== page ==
KIM And The Start Of Social Computing
One machine led to another, and Butterfield began sharing his knowledge with other microcomputer users, as well as writing about his discoveries. He had gained some writing experience many years before in western Canada, where he was born, as a “continuity writer” for a couple of radio stations. (Butterfield smiles, “That means I spent about a year of my life writing commercials.”) As the users of early microcomputers began comparing notes, it wasn’t long before a cult of sorts sprang up. Indeed, the emergence of microcomputers as a basis of social, and not merely technical, interaction is the facet of the field that Butterfield enjoys most. In the earliest days of “roll your-own-computers,” he notes, everyone had a different machine, which crimped the sharing of information. “Suddenly,along came the KIM. ‘ Everybody had the same computer. An amazing thing happened -and this is multiplied many limes over in the Commodore line -people built asocial life around microcomputers.
The thriving Toronto PET Users Group (TPUG) is a case in point. Butterfield had what he calls a “Machiavellian influence” on TPUG founder Lyman Duggan, whom Butterfield persuaded to hold the first meeting in his basement one summer evening. While Butterfield firmly rejects any organizing chores, he contributes a great deal as a friend of the club, speaking at monthly meetings “An amazing thing happened … people built a social life around microcomputers” and sharing his expertise.
Butterfield admits, “It’s getting harder to know what to talk about at those meetings. There are a number of people who have the ability to track down any part of the machine they want to go after, and who are quite skilled at machine language. As a result, my sympathy is with the beginner. I’d rather bore ten experts than lose the bulk of people, so I try to keep things fairly simple”
Butterfield’s sympathy for beginners is well known and shows in his articles. His writing is informal and witty in spite of its technical content. “I try to write it as I would say it. I do a lot of presenting material to both kids and adults, and I try to keep the same style in my writing. Also, whenever I can, I slip in a simple example program. Then, even if the readers can’t understand what I mean, they can run the programs.”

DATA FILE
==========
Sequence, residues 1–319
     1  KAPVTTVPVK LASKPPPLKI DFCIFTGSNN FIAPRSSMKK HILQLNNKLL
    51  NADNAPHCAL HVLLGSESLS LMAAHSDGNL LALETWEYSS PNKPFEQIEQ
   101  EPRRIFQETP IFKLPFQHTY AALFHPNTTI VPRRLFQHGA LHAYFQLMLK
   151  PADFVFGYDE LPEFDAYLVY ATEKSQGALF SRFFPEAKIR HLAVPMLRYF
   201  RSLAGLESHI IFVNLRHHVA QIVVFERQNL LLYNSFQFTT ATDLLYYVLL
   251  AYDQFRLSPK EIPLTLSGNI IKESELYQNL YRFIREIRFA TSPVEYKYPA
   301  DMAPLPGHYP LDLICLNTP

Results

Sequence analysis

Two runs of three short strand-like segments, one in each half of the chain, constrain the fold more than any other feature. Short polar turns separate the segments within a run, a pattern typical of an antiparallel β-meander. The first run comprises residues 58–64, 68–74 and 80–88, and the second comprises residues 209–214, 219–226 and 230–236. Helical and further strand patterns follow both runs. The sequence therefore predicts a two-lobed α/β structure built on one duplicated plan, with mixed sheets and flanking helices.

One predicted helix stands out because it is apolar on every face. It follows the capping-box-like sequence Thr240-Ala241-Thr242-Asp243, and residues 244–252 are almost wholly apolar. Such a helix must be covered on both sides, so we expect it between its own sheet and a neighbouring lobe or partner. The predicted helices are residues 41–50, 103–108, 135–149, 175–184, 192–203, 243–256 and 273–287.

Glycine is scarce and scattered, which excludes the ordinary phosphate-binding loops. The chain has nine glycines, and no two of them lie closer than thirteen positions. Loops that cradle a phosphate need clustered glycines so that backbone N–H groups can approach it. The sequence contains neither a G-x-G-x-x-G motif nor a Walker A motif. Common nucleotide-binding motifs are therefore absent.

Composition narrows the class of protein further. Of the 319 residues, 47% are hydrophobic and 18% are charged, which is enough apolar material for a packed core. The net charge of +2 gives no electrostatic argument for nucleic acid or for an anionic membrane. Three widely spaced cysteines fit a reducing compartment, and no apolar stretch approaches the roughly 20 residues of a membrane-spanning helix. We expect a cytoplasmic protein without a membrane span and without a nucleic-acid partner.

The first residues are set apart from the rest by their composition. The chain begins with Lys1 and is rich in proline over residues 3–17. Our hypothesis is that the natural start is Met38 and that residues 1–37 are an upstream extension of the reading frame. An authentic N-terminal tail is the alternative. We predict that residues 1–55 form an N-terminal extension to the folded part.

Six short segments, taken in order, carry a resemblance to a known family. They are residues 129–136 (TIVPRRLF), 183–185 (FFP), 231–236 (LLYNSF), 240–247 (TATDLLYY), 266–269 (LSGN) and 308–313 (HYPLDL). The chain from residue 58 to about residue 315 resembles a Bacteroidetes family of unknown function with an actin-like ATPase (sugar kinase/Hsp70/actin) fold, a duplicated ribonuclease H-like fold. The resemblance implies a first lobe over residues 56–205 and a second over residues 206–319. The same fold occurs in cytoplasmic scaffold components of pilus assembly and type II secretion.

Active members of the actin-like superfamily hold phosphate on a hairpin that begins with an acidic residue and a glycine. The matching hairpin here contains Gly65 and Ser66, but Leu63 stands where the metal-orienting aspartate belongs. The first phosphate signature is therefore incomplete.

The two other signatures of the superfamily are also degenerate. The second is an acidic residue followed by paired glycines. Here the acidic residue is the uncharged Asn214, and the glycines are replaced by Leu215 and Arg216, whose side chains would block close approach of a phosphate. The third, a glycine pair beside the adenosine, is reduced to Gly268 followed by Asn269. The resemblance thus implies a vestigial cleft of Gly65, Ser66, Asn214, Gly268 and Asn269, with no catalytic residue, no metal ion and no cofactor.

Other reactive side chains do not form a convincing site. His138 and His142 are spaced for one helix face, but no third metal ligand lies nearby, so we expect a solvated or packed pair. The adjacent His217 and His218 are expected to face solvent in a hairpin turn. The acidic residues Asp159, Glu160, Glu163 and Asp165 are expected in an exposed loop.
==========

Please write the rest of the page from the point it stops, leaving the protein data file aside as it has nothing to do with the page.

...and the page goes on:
Butterfield also indulges in what he calls “light consulting,” principally for Commodore. In the spring he went on a western Canadian promotion tour for the VIC-20 computer. He’s also frequent invited to shows, such as the PET Show in London he attended in June. He finds this part of his work “really great fun” because it provides opportunity for travel.
Lecturing and teaching, such as the machine language course he conducts each month for a special interest division of TPUG, provide him with feedback about problems and areas where people need more information. He has a reputation for being generous with his time, and his phone in open from 10 a.m. to 10 p.m. Monday to Friday.
“If somebody phones me up and asks a question which shows they just haven’t bothered trying it themselves. then I will sometimes be a little short, because it does seem like a waste of my time,” he says. “But most people who call do so because they’re stuck on something. It’s just a question of getting another opinion. If I get a number of inquiries in a certain area, that’s usually a signal that it’s time for me to write an article about it. It’s a very good way of keeping posted on what’s bothering people at the moment.”
Butterfield is equally generous with his software. He rarely sells any of his programs. “I would like to foster an environment where people pass out their software with reasonable generosity. I think that by showing a good example, I might sort of lead the way in that.” Often he distributes his work on TPUG’s library disk.